Steam distillation and production of essential oils. Tips, explanations.
The steam distillation is a technique that allows extraction of essential oils and aromatic waters (also called “hydrolates”) from aromatic herbs and from medicinal plants; in other words, with the distillation in a current of steam aromatic waters are obtained from which the essential oil is separated (in most cases by floating on the surface) due to the difference in specific weight and its very low solubility in water.
The steam distillation and then uses the steam as a vehicle to extract as much essential oils that hydrolates from essenziere plants: the final product is a liquid extract obtained by the condensation of steam.
Distillation in a current of steam and essential oils
Steam distillation is only one of the methods to produce aromatic waters, but it is the only one, in addition to the process of squeezing the epicarp of the fruits of the genus Citrus, through which the product known as essential oil is obtained.
In general, we can say that the fundamental structure to carry out the steam distillation is the following:
- A source of heat, such as a wood or gas fire, or in industrial and semi-industrial plants, the electricity needed to heat the plates of a steam generator. In the domestic environment it could be represented by a gas stove or an electric heating plate;
- A boiler, which can be a closed pot containing the water that is transformed into steam (preferably in stainless steel), or a real own steam generator. At home it is possible to adapt a steam cooker;
- A connection pipe, which connects the boiler to the alembic and transporting the steam;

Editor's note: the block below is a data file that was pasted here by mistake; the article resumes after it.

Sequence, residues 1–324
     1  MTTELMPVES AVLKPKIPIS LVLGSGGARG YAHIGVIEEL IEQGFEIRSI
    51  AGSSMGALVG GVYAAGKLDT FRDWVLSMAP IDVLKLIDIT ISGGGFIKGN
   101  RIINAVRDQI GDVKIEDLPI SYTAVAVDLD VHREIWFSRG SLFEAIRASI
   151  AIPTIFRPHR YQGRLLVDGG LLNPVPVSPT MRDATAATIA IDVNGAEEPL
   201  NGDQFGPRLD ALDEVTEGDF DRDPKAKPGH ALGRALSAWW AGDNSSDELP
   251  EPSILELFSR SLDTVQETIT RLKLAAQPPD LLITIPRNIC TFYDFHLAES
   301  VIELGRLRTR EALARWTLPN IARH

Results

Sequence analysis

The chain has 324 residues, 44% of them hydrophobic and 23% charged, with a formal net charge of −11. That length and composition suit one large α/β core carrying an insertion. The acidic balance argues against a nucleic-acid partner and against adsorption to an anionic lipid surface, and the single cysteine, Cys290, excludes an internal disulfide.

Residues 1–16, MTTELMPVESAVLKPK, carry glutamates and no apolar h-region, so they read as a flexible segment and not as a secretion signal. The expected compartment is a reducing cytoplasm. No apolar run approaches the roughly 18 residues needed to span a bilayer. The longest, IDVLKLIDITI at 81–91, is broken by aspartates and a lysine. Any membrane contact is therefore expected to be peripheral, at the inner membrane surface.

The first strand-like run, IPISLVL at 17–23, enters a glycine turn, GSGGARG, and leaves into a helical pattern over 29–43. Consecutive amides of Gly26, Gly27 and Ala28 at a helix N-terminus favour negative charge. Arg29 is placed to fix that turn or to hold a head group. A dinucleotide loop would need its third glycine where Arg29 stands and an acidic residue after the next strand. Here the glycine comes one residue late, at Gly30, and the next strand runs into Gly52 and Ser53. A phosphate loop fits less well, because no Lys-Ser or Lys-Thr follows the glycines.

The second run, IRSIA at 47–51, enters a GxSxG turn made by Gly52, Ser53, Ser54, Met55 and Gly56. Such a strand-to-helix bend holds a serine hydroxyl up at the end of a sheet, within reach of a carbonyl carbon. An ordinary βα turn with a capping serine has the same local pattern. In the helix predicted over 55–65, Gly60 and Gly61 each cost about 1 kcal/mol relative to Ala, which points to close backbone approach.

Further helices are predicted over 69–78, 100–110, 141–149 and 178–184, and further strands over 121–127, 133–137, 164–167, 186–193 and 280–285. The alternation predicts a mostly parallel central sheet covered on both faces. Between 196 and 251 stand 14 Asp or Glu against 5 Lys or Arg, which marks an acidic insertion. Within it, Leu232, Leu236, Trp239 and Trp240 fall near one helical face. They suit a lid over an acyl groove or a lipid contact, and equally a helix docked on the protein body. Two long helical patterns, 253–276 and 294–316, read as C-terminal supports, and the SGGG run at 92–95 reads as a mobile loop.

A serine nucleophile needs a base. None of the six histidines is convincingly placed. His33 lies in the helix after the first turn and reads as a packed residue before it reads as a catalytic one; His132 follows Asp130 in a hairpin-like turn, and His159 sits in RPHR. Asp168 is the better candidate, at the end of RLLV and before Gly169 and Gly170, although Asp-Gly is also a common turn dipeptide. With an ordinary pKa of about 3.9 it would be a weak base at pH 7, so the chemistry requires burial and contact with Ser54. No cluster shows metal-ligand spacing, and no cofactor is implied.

- The alembic, that is the structure that contains the plant material from which to extract the essential oil. The alembic is also called the loading chamber and can have variable volume, depending on the type of system: at home you can have stills with 1-2 L loading, at an artisanal and semi-industrial level from 50 to 1000 L. Also in this case, the best material for the still is stainless steel. The plant material, depending on the type, can be used fresh or even dry, whole (as in the case of shrub plants) or shredded (to favour the release of essential oils: this is the case of oils obtained from wood);
- A condenser, preferably a serpentine, jacketed with cold water (usually mounted at the top of the still), through which the vapour and essential oils pass in the gaseous phase; inside the condenser thus cooled, the water vapour and essential oils return to the liquid phase;
- a decanter, or collection vessel, which can be a Florentine vase or a separating funnel, inside which to collect what comes out of the condenser ( eluate ). The collected eluate will gradually separate into two phases: an aqueous one below (the hydrolat) and a more superficial one (the essential oil).
In the following example, we see how it is possible to produce essential oils at home using a pressure cooker as a boiler : in this case the production of steam takes place inside the pot itself, which contains the water and plant material, separated from a trellis.
This technique, with the boiler not separated from the alembic, is however not recommended: the heat of the fire, used to generate the steam, will in fact also heat the steel walls of the alembic, causing excessive heating of the plant inside, with the risk of obtaining an essential oil with a burnt hint. This risk is not run instead when using extractors in which the boiler is physically separated from the alembic.
Producing essential oils is not at all easy, especially in the home. The yield of essential oils is in fact very low (on average 0.2-0.4%, or 2-4 mL per kg of plant) and it may take several kg of plant (or several extractions) to obtain even just the classic 10 mL of product. In particular, at home it becomes extremely expensive to produce essential oils of lemon balm, helichrysum, yarrow or chamomile, the yield of which is further lowered (0.01-0.03%, or 1-3 mL of essential oil every 10 kg of plant).